There’s finally resolution in a lawsuit involving some of the leaders of multiple atheist organizations.
Last May, Edwina Rogers (below) sued the Secular Coalition for America, her former employer, alleging that SCA leaders wrongfully terminated her and then made defamatory statements about her to the press. They were motivated, the document said, by “petty jealousies and naked ambition.”
Rogers also said that SCA President (at the time) Amanda Metskas and/or SCA Education Fund Treasurer Roy Speckhardt (of the American Humanist Association) found a way to leak information to New York Times reporters in order to get ahead of the story:
In order to assure that Plaintiff would not be given reasonable notice or any opportunity to defend herself, upon information and belief, Metskas and/or Speckhardt leaked, or caused to be leaked, Plaintiff’s termination to the New York Times, even prior to the notification to Ms. Rogers of her termination.
Upon information and belief, Metskas and/or Speckhardt intended that the New York Times report Plaintiff had embezzled funds or was otherwise responsible for the embezzlement owing to the false assumption that the Executive Director would be ultimately responsible for any financial oversight. Ms. Rogers did not have financial responsibility in her capacity as Executive Director at that time.
In addition, Rogers said that Metskas — who allegedly “envied Plaintiff” — wanted the higher salary that came with Rogers’ position and that Speckhardt had ulterior motives:
[By replacing Rogers with Metskas,] Speckhardt would be able to diminish the lobbying portfolio of SCA and thereby increase and enhance his own organization’s lobbying visibility within the secular community. Additionally, Speckhardt would not be held accountable for his lack of financial oversight that permitted the embezzlement to incur and continue.
There were more details to her lawsuit, but those were the major claims. Rogers was asking for $750,000 in compensatory damages, additional punitive and exemplary damages, and appropriate legal fees.
An amended version of Rogers’ lawsuit also included charges against Richard Dawkins — that he was taking money from his own foundation and enlisting his allies in retaliation against her.
The Secular Coalition for America and Metskas soon filed an official motion to dismiss these claims in their entirety. A lawyer for Speckhardt also filed a separate motion to dismiss. And Dawkins, too, denied all of this.
So what’s the resolution?
Earlier this month, the plan was that all the relevant parties were going to physically meet in court on Friday (yesterday) to hash this out.
That never happened.
Plaintiff Edwina Rogers and Defendants Amanda Metskas and Secular Coalition for America, Inc., (“SCA”) stipulate to dismissal of her claims against SCA and Ms. Metskas.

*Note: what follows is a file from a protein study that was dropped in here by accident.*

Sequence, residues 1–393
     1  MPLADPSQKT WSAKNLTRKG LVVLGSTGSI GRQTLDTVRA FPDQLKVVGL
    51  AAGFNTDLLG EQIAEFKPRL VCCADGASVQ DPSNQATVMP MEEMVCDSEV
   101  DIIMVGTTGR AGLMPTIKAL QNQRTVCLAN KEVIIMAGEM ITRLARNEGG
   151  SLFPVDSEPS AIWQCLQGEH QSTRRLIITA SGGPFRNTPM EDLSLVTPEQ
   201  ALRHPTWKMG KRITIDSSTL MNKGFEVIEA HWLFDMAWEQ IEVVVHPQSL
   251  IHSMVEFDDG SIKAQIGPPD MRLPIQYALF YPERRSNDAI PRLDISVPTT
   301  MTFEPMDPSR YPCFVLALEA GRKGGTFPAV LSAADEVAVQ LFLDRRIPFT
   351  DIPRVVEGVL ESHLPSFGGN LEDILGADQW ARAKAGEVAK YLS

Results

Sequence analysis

Plaintiff Edwina Rogers voluntarily dismisses her claims against Defendants Secular Coalition for America Education Fund, Inc., Greg R. Langer, Roy Speckhardt, and Richard Dawkins.
So just like that, it’s over. The case is closed. Some reputations may be in tatters, but there’s no substance behind any of it.
There’s no elaboration on why Rogers dismissed her claims… and it’d be pretty foolish to speculate without more information.
I reached out to her to see if she had any further comment, and she sent me this brief message:
“The Parties have mutually agreed to put their dispute behind them for the good of the secular community and to move forward with the community’s work.”
I’m glad to hear it. That being said, this resolution means that any and all claims of wrongdoing by the SCA, Dawkins, or the atheist group leaders carry no weight at all. The charges against them have been taken back by the person who made them, and as far as the courts are concerned, that means we’re back to square one, as if the lawsuit had never been filed in the first place.
***Update*** (3/14): Greg Langer issued this statement:
Edwina Rogers’ dismissal of me from her lawsuit against SCA was unilateral. I refused to settle with or release her because I had told the truth. Neither I, nor the insurance companies covering me, paid a penny to Rogers. I regret engaging with her and her supporters in an effort to help my friends and the “movement,” and then to protect my reputation from her extensive personal attacks against me and my wife.
Regarding her baseless libel claims against me, a very prominent and highly respected member of the secular “movement” told me (i) that he was prepared to provide an affidavit stating that Rogers’ told him virtually the same thing she told me about Richard (as stated in Rogers’ lawsuit) and (ii) that he told Richard (in person) that he would provide such an affidavit to the court.
Even after learning the truth, Richard has refused to retract his wrongful and hurtful accusations about me, despite the enormous amount of time I spent as a volunteer trustee and his numerous emails thanking me for my help during and after I resigned as a trustee.
(Large portions of this article were posted earlier)